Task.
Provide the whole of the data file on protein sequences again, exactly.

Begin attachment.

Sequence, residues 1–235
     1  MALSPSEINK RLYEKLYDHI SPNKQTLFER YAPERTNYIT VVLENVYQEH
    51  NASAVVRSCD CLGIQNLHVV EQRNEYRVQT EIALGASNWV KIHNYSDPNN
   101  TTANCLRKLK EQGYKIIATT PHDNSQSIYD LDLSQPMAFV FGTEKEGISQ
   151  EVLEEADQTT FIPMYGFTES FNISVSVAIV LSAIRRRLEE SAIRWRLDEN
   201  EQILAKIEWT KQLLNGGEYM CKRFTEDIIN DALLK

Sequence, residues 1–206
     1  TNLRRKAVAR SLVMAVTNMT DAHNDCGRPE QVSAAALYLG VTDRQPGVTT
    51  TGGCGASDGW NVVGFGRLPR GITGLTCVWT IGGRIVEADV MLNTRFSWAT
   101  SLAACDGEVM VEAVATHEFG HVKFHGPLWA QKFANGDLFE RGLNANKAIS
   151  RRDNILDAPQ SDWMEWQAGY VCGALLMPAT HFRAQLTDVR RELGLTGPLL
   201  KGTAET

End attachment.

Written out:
Sequence, residues 1–235
     1  MALSPSEINK RLYEKLYDHI SPNKQTLFER YAPERTNYIT VVLENVYQEH
    51  NASAVVRSCD CLGIQNLHVV EQRNEYRVQT EIALGASNWV KIHNYSDPNN
   101  TTANCLRKLK EQGYKIIATT PHDNSQSIYD LDLSQPMAFV FGTEKEGISQ
   151  EVLEEADQTT FIPMYGFTES FNISVSVAIV LSAIRRRLEE SAIRWRLDEN
   201  EQILAKIEWT KQLLNGGEYM CKRFTEDIIN DALLK

Sequence, residues 1–206
     1  TNLRRKAVAR SLVMAVTNMT DAHNDCGRPE QVSAAALYLG VTDRQPGVTT
    51  TGGCGASDGW NVVGFGRLPR GITGLTCVWT IGGRIVEADV MLNTRFSWAT
   101  SLAACDGEVM VEAVATHEFG HVKFHGPLWA QKFANGDLFE RGLNANKAIS
   151  RRDNILDAPQ SDWMEWQAGY VCGALLMPAT HFRAQLTDVR RELGLTGPLL
   201  KGTAET